Given that Huckabee called "racist" and "bigoted" a law to deny government benefits to illegal immigrants who shouldn't even be in the United States in the first place, well, you be the judge...


Colors are Too Religious for Christmas

From WorldNetDaily:

A special task force in a Colorado city has recommended banning red and green lights at the Christmas holiday because they fall among the items that are too religious for the city to sponsor.

"Some symbols, even though the Supreme Court has declared that in many contexts they are secular symbols, often still send a message to some members of the community that they and their traditions are not valued and not wanted. We don't want to send that message," Seth Anthony, a spokesman for the committee, told the Fort Collins, Colo., Coloradoan.

So red and green lights are too "religious" to display at the holiday which commemorates the incarnation and birth of Jesus Christ, the Son of God...


Tuesday, November 06, 2007

Christian Educators Encouraged in Rapid City



Tonight at South Canyon Baptist Church in Rapid City, Christian educators of all flavors came out to hear Finn Laursen of the Christian Educators Association International.

Laursen spoke to Christian public, private and home school educators about showing God's love and truth in the education environment.

He directed attenders to http://www.raiseyourhand.us/ where the organization is looking for people who will volunteer to be prayer coaches in each school to highlight and share the prayer needs of each school so that others can pray for them.

Laursen said that our current culture is one that denies the truth of God, and while we (rightfully) support missions to other countries to bring them the Gospel, we can bring the Gospel to a "foreign" culture right here in our communities. He pointed out that only 4-6% of those in our culture actually hold a Christian worldview.

He said that every day in America

- 1440 teen girls become mothers
- 1106 teen girls get abortions
- 1000 teens are drinking alcohol
- 3601 teens are assaulted
- 4320 teens are arrested

Laursen said that prayer has never been legally removed from schools, only forced prayer. He said that while our Constitution prohibits forcing religion on others, it cannot prohibit the free exercise of religion:
Congress shall make no law respecting an establishment of religion, or prohibiting the free exercise thereof

He also pointed out the Christian foundations of the United States, stating that 52 of the 55 signers of the Declaration of Independence were deeply committed, orthodox Christians. He also said that the first act of the Continental Congress after signing the Declaration was to purchase 20,000 Bibles for the nation.

He also provided the following quotes, illustrating the faith of the Founders:

"It cannot be emphasized too strongly or too often that this great nation was founded not by religionists but by Christians, not on religion but on the Gospel of Jesus Christ." - Patrick Henry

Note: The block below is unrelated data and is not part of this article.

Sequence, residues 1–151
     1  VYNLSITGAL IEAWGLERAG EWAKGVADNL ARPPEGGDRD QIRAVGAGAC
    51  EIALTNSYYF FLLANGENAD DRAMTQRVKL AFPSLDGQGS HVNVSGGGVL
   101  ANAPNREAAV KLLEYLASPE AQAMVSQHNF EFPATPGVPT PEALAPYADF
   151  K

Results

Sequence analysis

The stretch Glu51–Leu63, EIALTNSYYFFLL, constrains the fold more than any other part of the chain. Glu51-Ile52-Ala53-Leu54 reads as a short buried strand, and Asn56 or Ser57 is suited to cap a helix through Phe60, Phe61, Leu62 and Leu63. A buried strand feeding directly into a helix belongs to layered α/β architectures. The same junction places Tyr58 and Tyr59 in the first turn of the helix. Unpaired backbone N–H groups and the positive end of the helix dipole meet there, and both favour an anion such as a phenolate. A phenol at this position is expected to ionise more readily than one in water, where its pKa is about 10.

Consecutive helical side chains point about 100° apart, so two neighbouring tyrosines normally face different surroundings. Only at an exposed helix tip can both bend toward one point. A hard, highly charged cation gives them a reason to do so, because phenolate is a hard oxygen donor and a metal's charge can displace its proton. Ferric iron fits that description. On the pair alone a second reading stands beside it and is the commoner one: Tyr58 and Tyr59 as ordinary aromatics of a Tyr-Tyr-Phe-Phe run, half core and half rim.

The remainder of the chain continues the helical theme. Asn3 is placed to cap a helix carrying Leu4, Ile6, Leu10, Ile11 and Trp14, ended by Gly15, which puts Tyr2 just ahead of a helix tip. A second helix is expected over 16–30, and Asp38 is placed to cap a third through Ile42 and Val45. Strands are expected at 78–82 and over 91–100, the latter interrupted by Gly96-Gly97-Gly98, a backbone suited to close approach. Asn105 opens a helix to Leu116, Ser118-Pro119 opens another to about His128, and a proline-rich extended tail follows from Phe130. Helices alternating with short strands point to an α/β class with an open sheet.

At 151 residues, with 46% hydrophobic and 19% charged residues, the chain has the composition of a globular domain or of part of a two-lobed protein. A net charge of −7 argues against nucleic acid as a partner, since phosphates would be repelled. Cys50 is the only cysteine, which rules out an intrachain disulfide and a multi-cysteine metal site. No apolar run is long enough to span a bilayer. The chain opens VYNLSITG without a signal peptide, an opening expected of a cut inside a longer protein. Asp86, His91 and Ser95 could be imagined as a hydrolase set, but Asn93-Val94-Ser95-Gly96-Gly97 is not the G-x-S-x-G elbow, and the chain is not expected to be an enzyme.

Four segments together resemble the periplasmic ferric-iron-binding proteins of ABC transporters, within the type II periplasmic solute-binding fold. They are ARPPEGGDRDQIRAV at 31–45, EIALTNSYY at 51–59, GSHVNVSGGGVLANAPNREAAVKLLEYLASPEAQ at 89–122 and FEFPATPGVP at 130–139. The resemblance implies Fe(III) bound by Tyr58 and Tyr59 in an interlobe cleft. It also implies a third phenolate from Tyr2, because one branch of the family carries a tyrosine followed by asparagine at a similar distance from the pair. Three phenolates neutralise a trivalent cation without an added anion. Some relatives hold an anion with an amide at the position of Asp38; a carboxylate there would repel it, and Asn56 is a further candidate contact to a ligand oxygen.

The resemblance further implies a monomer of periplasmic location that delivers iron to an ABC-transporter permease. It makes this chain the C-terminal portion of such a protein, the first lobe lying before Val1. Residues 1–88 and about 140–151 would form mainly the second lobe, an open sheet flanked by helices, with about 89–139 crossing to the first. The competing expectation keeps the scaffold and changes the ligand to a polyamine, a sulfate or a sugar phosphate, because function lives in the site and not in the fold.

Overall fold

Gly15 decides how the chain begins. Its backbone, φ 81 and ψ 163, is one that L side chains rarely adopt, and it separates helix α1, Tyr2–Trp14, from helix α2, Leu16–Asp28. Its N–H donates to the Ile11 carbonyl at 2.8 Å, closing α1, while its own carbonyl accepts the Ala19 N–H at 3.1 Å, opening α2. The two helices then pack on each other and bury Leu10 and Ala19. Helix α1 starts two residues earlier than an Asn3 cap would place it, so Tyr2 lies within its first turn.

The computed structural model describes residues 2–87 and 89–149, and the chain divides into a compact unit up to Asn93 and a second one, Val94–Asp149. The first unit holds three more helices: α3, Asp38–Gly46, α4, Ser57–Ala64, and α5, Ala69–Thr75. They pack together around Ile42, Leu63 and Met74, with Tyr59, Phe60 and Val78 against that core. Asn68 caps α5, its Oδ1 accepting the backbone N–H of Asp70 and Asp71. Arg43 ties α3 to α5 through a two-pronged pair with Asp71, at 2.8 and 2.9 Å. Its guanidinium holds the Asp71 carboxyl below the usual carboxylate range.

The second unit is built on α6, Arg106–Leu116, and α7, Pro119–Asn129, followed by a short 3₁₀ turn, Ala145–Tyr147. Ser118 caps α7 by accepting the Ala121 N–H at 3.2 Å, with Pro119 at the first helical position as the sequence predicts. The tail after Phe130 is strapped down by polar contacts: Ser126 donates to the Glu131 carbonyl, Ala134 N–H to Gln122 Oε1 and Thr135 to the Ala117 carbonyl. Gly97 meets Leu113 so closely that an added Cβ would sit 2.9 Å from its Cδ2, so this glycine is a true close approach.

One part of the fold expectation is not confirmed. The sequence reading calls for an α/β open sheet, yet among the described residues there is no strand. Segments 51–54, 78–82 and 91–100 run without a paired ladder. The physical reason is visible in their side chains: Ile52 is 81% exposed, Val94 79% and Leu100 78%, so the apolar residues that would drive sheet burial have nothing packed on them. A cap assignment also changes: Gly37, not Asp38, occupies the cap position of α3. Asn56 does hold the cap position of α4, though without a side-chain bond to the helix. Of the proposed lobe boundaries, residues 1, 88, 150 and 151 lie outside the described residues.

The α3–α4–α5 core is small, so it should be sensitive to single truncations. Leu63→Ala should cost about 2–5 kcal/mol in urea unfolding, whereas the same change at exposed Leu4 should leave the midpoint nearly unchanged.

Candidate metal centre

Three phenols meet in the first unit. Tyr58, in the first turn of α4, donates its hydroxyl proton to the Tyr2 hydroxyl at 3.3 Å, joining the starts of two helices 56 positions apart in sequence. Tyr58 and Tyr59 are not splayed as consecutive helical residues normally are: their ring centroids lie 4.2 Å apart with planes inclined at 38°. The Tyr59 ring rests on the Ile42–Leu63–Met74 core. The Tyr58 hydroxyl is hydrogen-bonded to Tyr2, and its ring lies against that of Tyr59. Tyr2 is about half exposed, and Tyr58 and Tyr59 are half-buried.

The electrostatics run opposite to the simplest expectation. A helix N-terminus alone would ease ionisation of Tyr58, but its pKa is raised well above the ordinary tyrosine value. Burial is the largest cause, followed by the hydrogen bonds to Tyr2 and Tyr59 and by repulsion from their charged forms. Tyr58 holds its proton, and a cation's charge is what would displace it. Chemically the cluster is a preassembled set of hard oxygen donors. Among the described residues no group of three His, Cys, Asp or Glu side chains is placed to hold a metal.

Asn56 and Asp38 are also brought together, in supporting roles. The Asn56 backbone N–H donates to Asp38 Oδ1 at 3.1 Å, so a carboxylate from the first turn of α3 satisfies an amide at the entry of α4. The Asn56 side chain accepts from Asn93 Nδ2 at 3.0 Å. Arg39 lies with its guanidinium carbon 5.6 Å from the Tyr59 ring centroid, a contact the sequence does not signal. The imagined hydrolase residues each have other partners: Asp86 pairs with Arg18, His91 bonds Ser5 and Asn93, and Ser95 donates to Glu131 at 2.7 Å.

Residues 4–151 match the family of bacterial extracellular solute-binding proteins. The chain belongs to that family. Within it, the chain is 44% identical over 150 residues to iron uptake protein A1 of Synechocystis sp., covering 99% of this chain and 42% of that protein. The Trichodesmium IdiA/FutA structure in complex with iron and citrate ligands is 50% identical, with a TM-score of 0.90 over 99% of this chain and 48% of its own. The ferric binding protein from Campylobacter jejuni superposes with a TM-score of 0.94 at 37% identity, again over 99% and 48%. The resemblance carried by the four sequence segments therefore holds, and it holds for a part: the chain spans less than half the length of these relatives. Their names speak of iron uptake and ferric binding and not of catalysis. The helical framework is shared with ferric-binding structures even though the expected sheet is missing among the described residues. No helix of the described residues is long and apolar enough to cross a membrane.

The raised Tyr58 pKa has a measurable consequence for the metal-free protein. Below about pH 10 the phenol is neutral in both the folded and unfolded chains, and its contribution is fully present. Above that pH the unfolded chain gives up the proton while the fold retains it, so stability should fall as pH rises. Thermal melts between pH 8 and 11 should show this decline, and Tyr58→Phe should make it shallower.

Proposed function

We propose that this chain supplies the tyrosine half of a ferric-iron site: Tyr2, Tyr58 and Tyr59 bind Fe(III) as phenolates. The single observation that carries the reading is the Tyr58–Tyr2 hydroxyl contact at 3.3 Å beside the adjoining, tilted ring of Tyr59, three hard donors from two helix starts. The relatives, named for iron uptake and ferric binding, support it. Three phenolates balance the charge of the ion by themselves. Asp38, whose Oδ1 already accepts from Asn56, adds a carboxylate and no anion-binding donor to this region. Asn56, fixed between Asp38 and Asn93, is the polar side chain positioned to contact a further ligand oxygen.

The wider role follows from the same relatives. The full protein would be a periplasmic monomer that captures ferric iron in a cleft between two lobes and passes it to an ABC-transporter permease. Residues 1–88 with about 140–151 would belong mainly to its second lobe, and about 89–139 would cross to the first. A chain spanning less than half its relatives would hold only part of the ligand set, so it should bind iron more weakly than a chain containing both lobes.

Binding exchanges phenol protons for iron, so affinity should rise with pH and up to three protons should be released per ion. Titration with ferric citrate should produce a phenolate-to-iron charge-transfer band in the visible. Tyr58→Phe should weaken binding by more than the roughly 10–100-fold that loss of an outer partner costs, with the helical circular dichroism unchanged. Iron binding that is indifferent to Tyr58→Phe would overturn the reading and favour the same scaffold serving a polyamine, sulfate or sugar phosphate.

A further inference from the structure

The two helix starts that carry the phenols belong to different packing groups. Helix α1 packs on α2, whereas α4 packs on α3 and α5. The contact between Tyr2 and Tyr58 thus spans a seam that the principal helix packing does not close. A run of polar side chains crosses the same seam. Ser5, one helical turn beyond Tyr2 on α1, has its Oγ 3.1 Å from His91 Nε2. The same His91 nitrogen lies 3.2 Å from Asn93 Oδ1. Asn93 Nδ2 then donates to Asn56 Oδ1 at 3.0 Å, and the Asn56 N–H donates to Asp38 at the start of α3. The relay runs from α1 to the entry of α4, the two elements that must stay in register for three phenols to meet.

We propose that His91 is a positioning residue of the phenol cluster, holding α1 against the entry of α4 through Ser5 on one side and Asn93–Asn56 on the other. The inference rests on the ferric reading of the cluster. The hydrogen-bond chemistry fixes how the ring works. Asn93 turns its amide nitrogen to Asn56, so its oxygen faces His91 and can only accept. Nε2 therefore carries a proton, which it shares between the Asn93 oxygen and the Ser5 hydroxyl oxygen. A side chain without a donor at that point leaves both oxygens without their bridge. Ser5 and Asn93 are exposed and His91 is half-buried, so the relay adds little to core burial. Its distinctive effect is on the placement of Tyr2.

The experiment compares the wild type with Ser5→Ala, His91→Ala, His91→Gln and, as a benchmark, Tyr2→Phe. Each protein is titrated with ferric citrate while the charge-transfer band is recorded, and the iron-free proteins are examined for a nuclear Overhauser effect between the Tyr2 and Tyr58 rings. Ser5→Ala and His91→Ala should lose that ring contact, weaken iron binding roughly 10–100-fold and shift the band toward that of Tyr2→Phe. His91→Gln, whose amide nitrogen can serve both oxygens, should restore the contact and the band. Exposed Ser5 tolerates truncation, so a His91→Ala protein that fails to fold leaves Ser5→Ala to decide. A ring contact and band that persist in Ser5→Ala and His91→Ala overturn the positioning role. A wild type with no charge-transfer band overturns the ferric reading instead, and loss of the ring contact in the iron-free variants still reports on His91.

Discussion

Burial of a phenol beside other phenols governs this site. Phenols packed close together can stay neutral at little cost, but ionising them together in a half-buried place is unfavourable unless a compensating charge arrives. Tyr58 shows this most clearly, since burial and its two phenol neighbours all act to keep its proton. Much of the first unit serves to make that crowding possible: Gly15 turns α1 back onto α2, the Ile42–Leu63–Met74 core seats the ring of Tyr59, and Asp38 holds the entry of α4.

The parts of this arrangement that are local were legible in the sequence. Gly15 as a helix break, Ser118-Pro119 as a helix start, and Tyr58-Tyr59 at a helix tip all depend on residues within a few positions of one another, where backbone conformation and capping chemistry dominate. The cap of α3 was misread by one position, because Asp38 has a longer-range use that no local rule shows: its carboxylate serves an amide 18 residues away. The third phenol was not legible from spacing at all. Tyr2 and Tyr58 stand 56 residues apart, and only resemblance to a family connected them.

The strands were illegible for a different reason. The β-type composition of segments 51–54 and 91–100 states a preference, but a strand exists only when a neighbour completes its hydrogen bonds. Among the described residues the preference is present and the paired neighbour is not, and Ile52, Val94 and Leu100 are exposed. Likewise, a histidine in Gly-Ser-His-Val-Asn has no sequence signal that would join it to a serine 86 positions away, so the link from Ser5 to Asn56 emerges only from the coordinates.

"I am a Christian, that is to say a disciple of the doctrines of Jesus. I have little doubt that our whole country will soon be rallied to the unity of our Creator and, I hope, to the pure doctrine of Jesus also." - Thomas Jefferson


And this one, of which I took a picture in the Jefferson Memorial on the National Mall in Washington D.C. just a few weeks ago:




Laursen also pointed out that the famous "wall of separation between church and state" quote was taken from a letter Jefferson wrote to the Danbury Baptists to reassure them that because of constitutional protections, government was not allowed to interfere in religious matters.

"Of all the dispositions and habits which lead to political prosperity, religion and morality are indispensable supports...And let us with caution indulge the supposition that morality can be maintained without religion." - George Washington's Farewell Address 1796

"We have staked the future of all of our political institutions upon the capacity of mankind of self-government; upon the capacity of each and all of us to govern ourselves, to control ourselves, to sustain ourselves according to the Ten Commandments of God." - James Madison

"We have no government armed with power capable of contending with human passions unbridled by morality and religion. Avarice, ambition, revenge, or gallantry, would break the strongest cords of our Constitution as a whale goes through a net. Our Constitution was made only for a moral and religious people. It is wholly inadequate to the government of any other." - John Adams

"Providence has given to our people the choice of their rulers, and it is the duty, as well as the privilege and interest of our Christian nation to select and prefer Christians for their rulers." - John Jay, First Chief Justice of the U.S. Supreme Court

"Our laws and our institutions must necessarily be based upon and embody the teachings of the Redeemer of mankind. It is impossible that it should be otherwise. In this sense and to this extent, our civilizations and our institutions are emphatically Christian." - Richmond v. Moore, Illinois Supreme Court, 1883


Laursen talked about the "No Child Left Behind" education law and said that while it has it's good points and bad points, it spells out clear protections for religious liberty in schools in Section 9524 covering:

Prayer During Noninstructional Time
Organized Prayer Groups and Activities
Teachers, Administrators, and other School Employees
Moments of Silence
Accommodation of Prayer During Instructional Time